Inside the space of the hemlock, photons are placed in states similar to the double state of the cat when their occurrences oppose each other at the same time, like a stopwatch where the needle moves both clockwise and counterclockwise at the same time. The photon field that exists in space was then examined by Atomi Rydberg. The result of this is another unstructured quantum phenomenon known as "quantum entanglement". This entanglement was also described by Schrödinger and it may occur between two or more quantum particles that are not in direct contact with each other, but can still "sense" and affect the properties of the other particle. The interweaving of the microwave field and the Rydberg atoms allow Herruch to map the properties of the double state within the space, following it step by step, atom by atom, as it moves from a state of quantum state composition to a well-defined state that we understand according to the laws of classical physics.

On the brink of a new computing revolution

Quantum computing. From the Nobel Prize presentation on the Prize Committee website
Quantum computing. From the Nobel Prize presentation on the Prize Committee website

One possible application of the ion traps that many scientists dream of is a quantum computer. In the computers that we use today in our daily lives, the smallest unit of information is a bit (binary number, bit) which receives the value of one or zero. However, in a quantum computer, the basic unit of information - a qubit - can be one or zero at the same time. Two qubits can simultaneously have four different values ​​- 00, 01, 10 and 11 - and each additional qubit doubles the number of possible states. For nqubits there are 2n possible states, and a quantum computer with only 300 qubits can contain 2300 values ​​simultaneously, more than the number of all atoms in the universe.

Vinland's group was the first ever in the world to demonstrate two-qubit quantum action. Since control operations on a number of qubits have already been achieved, in principle there is no reason to believe that this would not be possible for such an operation on a larger number of qubits. However, in order to build a quantum computer of this kind, great practical challenges must be overcome. One challenge is to achieve two opposing requirements: it is necessary for the qubits to be properly isolated from their environment so that their quantum properties are not destroyed, and at the same time they must be able to communicate with the outside world in order to transmit the results of the calculations made with their help. It is possible that the first quantum computer will indeed be built in this century. If it does happen, it should change our lives in the same radical way that the classical illustration changed our lives in the last century.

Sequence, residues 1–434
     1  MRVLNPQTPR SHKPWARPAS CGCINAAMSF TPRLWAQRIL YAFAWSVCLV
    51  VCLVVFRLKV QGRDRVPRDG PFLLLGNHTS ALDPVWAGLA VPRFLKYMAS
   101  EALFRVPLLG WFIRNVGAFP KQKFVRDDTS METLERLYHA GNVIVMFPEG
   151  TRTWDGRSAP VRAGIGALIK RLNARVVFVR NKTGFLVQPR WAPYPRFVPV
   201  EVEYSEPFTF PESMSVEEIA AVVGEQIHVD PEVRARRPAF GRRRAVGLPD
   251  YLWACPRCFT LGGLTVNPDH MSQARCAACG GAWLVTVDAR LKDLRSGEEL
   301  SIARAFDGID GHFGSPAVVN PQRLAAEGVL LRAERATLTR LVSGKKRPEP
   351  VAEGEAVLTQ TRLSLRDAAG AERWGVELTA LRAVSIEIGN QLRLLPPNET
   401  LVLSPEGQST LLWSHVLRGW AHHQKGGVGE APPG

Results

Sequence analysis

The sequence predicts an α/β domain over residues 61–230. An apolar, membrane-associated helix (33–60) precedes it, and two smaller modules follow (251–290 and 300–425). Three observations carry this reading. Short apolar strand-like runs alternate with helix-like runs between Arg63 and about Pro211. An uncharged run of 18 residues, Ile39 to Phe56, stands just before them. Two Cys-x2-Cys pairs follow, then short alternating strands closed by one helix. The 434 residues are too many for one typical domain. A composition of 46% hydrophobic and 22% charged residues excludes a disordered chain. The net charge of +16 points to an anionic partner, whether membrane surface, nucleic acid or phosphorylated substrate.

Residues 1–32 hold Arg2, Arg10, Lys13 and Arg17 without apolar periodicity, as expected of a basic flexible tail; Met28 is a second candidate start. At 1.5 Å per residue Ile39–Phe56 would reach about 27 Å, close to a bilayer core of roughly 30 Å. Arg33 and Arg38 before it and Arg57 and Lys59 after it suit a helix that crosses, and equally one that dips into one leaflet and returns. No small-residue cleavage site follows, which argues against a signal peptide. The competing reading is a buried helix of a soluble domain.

New watches

Weinland and his research group also used trapped ions to build a clock that was a thousand times more accurate than today's sealed clocks that are our standard unit of time. World time, the hour, is kept by aligning all clocks relative to a single standard. Sealed clocks, cesium clocks, operate in the microwave range, while Vineland's ion clocks make use of visible light - hence their name: optical clocks. An optical clock can contain only one or two trapped ions. When two ions are used, one is used as a clock and the other is used to read the clock without destroying its state, or causing it to miss a second.

Thanks to such precise time measurements, it was possible to observe subtle and wonderful natural phenomena such as changes in the flow of time, or tiny changes in gravity, in the texture of space-time. According to Einstein's theory of relativity, time is affected by motion and gravity. The higher the speed and the stronger the movement, the slower the passage of time becomes. We may not be fully aware of these effects, but they have become a real part of our daily lives. When we navigate with a GPS navigator, we rely on time signals coming from satellites with clocks that move direction at a regular rate, since gravity is slightly weaker in the sky. With the help of an optical clock, it is possible to measure the differences in the passage of time when the speed of the clock changes by less than ten meters per second, or when gravity changes as a result of a difference in heights of only 30 cm.

5 תגובות

  1. You can transfer information back in time with the help of the topic, change the state of a particle, and check statistically how it affected the past. And if you check several particles at the same time and in a circle, you can move back in time with knowledge. Thanks .

  2. Amazing and fascinating. Write in a way that allows even non-professionals to understand and be impressed.